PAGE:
After last week partially banning Novartis' Fluad, Italian officials now say tests on the flu vaccine show the product is safe.
A couple of flu vaccine makers have new patient populations to target, thanks to a pair of recent FDA approvals in older adults.
A Sanofi spokesperson told The Wall Street Journal that it has delayed some forms of its Fluzone because the flu strains used to produce the shot did not grow as fast as expected. A GSK spokesman said in an email Monday that it has cut its production targets to 26 million to 27 million doses for the U.S. from the 28 million to 33 million doses originally anticipated.
Novartis' 8-year foray into vaccines is officially coming to a close. After divesting the bulk of its unit to GlaxoSmithKline in an April deal, the pharma giant Sunday announced it had agreed to sell its flu shot business to Australia's CSL. And with that, it'll make its exit from a field that's given it trouble since its Chiron buyout in 2006.
GlaxoSmithKline's Canadian flu vaccine plant has been in the spotlight recently for problems that spurred an FDA warning letter and a talking-to from Health Canada. But it's different problems that the British drugmaker now says will keep it from filling about 30% of its Canadian order for this season--and they could compromise some of its U.S. shipments, too.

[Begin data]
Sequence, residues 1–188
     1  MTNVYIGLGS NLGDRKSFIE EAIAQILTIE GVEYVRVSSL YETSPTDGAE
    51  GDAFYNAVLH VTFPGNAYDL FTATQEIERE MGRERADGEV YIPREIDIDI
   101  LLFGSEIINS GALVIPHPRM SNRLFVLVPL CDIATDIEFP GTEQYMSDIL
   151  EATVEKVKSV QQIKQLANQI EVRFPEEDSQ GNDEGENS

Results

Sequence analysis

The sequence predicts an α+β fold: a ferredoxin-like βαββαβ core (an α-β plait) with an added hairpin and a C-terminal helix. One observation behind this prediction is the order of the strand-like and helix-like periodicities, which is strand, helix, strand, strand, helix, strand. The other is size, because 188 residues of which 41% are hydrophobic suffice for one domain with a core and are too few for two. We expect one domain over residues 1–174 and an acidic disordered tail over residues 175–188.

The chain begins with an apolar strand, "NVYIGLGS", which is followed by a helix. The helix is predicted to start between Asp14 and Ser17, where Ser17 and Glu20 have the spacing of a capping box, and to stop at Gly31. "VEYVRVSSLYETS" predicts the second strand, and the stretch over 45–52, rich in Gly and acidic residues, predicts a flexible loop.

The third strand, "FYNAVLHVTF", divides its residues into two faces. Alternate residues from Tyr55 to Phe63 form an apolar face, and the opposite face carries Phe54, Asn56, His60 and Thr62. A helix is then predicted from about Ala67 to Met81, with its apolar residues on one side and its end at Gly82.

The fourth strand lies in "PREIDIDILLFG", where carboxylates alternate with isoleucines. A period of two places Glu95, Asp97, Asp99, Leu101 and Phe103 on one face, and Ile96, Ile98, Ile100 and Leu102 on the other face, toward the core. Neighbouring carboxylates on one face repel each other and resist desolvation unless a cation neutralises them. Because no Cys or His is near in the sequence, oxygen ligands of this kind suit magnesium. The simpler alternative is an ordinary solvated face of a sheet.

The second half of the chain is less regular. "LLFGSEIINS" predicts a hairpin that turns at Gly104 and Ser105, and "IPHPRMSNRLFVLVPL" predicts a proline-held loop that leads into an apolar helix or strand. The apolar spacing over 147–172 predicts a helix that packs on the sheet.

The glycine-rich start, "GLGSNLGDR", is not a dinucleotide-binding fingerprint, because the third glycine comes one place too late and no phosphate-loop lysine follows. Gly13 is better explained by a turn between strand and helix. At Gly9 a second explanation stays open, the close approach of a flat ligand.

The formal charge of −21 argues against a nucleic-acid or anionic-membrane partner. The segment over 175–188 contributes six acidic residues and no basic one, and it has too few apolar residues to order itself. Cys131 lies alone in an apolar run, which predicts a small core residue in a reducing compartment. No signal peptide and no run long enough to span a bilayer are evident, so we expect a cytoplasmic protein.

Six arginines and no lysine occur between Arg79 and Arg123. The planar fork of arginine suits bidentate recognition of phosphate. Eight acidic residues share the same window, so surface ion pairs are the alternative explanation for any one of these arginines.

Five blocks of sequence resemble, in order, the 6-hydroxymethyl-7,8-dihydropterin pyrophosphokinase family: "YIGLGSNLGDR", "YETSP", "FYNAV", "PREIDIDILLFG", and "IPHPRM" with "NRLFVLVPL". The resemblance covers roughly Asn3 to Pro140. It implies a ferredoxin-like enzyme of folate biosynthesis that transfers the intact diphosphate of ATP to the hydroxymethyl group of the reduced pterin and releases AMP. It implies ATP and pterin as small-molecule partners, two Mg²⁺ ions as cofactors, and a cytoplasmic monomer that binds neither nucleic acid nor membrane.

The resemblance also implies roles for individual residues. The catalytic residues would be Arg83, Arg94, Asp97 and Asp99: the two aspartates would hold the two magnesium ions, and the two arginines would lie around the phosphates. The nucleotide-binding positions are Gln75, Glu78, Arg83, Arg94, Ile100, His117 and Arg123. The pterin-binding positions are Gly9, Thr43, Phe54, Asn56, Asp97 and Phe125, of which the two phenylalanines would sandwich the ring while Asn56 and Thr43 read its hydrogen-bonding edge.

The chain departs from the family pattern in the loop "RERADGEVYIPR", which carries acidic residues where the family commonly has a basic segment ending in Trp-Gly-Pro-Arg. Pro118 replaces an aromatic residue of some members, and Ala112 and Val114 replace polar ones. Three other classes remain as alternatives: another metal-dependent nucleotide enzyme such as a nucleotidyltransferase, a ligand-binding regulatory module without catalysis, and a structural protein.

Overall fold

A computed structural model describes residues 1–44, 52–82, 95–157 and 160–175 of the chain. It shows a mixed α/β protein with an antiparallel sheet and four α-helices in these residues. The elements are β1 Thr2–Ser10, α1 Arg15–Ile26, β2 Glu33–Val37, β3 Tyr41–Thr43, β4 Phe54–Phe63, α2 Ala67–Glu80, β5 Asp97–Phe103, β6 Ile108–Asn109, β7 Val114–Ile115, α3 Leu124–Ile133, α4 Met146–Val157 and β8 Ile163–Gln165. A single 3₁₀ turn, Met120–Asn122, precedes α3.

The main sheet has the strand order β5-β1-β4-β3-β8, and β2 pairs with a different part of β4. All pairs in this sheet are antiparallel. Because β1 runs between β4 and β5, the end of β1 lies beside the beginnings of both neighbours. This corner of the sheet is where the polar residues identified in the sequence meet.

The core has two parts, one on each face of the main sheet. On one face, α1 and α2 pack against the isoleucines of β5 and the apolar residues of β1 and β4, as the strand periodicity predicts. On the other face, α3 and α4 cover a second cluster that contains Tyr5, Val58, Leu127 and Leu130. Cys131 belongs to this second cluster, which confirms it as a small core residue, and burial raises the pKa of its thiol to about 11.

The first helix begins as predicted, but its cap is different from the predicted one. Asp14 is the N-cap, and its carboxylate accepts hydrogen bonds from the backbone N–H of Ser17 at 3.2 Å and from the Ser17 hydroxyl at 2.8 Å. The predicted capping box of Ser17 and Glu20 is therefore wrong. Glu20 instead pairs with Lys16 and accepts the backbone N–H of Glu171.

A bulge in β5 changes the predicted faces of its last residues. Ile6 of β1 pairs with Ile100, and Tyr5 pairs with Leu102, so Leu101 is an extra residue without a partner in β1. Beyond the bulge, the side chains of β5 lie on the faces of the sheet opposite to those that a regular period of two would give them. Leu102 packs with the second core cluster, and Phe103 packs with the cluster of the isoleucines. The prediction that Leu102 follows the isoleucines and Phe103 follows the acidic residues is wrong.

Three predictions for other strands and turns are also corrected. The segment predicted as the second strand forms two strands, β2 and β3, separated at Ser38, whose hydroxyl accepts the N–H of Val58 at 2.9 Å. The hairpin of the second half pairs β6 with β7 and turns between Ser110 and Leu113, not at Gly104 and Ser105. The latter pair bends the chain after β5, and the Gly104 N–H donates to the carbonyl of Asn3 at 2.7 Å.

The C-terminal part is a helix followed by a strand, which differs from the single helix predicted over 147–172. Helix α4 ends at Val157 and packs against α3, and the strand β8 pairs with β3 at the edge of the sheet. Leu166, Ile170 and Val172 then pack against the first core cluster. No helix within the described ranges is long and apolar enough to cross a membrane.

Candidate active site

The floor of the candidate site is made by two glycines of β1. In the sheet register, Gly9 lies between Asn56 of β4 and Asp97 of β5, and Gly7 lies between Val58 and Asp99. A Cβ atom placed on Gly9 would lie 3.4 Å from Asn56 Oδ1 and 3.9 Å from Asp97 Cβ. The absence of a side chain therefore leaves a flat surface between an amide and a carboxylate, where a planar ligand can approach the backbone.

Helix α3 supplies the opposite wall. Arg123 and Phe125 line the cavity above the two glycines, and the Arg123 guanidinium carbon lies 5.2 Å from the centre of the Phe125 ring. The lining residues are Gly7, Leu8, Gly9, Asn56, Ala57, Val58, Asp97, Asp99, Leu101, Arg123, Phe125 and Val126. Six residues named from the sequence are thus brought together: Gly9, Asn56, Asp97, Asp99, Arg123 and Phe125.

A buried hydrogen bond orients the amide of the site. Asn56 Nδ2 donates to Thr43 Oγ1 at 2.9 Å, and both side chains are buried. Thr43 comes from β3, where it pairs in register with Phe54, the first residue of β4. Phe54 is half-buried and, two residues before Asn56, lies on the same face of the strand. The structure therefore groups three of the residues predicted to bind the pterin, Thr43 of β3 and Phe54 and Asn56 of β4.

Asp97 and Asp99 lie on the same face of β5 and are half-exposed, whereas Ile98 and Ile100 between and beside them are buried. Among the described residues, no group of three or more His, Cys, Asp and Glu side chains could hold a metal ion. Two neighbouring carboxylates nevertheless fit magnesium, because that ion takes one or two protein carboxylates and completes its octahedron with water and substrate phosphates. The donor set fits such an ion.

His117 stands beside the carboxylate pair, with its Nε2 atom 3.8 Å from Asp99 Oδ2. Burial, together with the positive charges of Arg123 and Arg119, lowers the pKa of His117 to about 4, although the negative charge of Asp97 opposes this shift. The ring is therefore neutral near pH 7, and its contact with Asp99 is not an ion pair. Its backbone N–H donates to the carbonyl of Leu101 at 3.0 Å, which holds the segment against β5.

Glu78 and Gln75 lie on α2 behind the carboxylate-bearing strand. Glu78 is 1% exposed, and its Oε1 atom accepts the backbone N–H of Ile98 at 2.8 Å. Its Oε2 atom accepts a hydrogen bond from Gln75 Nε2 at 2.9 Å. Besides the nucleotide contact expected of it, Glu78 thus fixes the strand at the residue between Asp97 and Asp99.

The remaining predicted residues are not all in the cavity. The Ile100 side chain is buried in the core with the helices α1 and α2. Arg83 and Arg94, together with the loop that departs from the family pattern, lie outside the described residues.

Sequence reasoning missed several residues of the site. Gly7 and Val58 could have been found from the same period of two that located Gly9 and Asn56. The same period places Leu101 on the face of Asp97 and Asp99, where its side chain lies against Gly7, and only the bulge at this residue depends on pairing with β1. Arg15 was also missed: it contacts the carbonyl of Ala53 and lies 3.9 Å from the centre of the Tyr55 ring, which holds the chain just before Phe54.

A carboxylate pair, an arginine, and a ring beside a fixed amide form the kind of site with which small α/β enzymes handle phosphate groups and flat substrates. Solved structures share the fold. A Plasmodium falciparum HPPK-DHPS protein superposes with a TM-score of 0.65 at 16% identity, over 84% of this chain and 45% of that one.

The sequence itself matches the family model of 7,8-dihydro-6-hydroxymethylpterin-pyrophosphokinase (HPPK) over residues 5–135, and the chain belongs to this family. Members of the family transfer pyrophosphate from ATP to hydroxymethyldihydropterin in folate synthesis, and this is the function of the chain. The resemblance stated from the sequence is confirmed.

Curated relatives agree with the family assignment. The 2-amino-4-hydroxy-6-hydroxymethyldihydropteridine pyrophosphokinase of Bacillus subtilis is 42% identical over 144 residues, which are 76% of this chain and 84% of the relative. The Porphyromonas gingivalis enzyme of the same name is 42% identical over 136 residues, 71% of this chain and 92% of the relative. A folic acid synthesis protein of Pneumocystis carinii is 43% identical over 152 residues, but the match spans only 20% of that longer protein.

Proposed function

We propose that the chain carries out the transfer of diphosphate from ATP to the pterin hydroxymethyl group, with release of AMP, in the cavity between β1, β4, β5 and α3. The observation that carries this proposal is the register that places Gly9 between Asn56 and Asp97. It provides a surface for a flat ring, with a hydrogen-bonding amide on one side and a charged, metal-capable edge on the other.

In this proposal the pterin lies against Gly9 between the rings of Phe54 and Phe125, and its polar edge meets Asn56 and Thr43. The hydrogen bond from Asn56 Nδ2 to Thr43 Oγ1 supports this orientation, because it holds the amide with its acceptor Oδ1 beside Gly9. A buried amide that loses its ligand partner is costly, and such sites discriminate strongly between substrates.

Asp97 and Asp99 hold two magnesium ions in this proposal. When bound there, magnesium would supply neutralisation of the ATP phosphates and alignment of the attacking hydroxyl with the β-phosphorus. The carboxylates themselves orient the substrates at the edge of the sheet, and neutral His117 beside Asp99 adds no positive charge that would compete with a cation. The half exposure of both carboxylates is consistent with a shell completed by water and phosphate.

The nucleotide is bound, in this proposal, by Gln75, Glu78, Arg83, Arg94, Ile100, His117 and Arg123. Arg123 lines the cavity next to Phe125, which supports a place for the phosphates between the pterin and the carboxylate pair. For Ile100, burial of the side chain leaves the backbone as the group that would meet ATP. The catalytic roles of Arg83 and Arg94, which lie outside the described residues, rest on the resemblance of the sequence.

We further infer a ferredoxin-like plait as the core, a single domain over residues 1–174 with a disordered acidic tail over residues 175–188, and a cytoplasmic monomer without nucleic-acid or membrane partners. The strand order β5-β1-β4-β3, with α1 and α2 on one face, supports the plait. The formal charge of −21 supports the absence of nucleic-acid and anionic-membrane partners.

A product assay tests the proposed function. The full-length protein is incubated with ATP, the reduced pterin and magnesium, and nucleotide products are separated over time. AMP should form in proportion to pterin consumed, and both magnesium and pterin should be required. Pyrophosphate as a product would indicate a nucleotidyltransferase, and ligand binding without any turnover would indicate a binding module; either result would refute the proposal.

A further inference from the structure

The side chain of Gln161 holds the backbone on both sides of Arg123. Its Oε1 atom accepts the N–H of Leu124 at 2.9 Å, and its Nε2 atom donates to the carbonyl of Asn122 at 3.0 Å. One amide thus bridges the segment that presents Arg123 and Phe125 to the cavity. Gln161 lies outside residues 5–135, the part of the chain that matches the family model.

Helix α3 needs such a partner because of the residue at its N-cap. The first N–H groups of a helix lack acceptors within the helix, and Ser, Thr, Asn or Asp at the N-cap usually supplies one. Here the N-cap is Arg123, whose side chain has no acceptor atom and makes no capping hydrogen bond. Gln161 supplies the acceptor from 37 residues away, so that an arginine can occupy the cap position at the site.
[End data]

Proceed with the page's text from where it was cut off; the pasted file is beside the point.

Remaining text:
The PharmaJet injector delivers the vaccine by means of a narrow, precise fluid stream that penetrates the skin in about one-tenth of a second.
GlaxoSmithKline's plan of action for its troubled Quebec flu vaccine has gotten the thumbs up from regulator Health Canada, but that is only a part of the puzzle for meeting its contracts to produce tens of millions of doses of four-strain and three-strain seasonal flu shots for the impending season.
While GlaxoSmithKline is eyeing a strong performance from Fluarix Quadrivalent in its sophomore year, it may have to rely on Fluarix more than it would like if it doesn't make peace with regulators over quality issues at its FluLaval plant.
Last year's flu vaccine didn't provide as much coverage as scientists had hoped, and now researchers from Canada's British Columbia Centre for Disease Control think they have discovered the culprit.
After collaborating with the University of Michigan-spinout NanoBio over the past three years, Merck has signed off on a new licensing pact for the biotech's nanoemulsion adjuvant technology.